At an event in New York, Google launched its next-generation Pixel 4 smartphone. But it is not launching in India because the technologies inside it include a tiny radar called Soli that the government believes should not be used in India.
Google launched its next-generation Pixel 4 and Pixel 4 XL smartphones at an event in New York on October 15. These are the best of Google phones for this year, and Google’s answer to Apple iPhone 11 series. These are also, in a way, official Android smartphones. Yet, the Pixel 4 and the Pixel 4 XL will not be launched in India, not now or not anytime soon, unless the Indian government somehow considers them an exception and allows their sale in India. The primary reason why the Pixel 4 and the Pixel 4 XL are not launching in India is the unique Soli radar inside these phones. The radar uses 60GHz mmWave frequency which is currently not allowed for un-licenced civilian use in India.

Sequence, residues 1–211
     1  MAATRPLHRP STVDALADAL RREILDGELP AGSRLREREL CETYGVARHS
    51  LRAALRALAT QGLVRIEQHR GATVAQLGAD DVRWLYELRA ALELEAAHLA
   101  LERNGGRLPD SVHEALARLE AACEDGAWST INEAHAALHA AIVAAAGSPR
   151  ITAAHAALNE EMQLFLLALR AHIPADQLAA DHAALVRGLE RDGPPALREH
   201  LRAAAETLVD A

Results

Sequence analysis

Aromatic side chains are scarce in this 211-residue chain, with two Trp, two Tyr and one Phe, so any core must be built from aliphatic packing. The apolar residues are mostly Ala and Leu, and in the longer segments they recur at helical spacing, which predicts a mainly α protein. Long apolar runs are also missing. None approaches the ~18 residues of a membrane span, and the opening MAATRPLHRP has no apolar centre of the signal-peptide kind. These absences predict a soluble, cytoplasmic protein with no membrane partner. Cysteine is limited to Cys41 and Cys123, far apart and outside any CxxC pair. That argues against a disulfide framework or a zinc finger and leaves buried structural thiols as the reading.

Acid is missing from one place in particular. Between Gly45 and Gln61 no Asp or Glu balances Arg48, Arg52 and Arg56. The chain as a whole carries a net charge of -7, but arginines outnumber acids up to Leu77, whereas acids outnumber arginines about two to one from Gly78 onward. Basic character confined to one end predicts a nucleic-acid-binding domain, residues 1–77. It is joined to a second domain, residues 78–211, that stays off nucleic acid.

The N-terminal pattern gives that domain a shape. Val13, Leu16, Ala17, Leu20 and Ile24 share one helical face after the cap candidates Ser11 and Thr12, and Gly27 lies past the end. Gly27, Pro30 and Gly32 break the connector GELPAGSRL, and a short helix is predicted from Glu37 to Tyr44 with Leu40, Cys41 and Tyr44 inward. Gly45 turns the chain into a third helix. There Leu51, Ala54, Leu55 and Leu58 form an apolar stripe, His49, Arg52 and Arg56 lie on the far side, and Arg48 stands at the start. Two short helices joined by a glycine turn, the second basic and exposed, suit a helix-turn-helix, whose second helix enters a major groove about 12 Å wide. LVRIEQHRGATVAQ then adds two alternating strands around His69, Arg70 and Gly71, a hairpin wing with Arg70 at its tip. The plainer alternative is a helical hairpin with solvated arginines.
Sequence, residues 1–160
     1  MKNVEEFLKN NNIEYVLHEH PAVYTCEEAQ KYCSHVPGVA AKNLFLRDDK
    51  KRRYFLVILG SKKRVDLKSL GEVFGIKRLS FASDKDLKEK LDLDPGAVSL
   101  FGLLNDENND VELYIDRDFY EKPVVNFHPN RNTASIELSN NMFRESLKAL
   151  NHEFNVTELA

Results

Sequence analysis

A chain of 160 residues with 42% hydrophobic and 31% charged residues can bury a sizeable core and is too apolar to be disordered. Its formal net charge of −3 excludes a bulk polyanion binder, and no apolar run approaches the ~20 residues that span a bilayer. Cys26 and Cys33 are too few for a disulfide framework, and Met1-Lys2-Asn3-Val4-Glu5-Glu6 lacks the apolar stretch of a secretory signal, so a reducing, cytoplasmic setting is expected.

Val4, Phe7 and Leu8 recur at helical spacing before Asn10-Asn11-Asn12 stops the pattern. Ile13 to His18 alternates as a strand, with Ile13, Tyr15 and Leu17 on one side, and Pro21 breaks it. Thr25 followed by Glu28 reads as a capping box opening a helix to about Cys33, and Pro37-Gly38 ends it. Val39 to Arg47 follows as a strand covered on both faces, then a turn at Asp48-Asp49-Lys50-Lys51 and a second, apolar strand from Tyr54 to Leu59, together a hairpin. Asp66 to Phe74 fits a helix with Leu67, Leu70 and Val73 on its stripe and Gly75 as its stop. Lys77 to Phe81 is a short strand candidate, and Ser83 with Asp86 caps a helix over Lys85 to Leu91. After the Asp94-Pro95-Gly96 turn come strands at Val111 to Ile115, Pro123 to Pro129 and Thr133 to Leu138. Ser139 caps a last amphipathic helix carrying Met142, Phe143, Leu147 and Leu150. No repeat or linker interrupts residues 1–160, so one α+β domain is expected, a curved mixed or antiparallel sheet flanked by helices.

In the US, where the 60GHz frequency is unlicensed, similar to 2.4GHz and 5GHz that are used for Wi-Fi connectivity, the Pixel 4 phones will be available. But in India, despite TRAI recommendation in 2014, 60GHz frequency remains locked and currently, its use is permitted only for military or government projects. Soli chip in the Google Pixel uses 60GHz frequency to offer a radar feature that can detect users as well as recognise their gestures. This, for example, can allow users to skip a song or pause music playback on their phone with just a wave of their hands.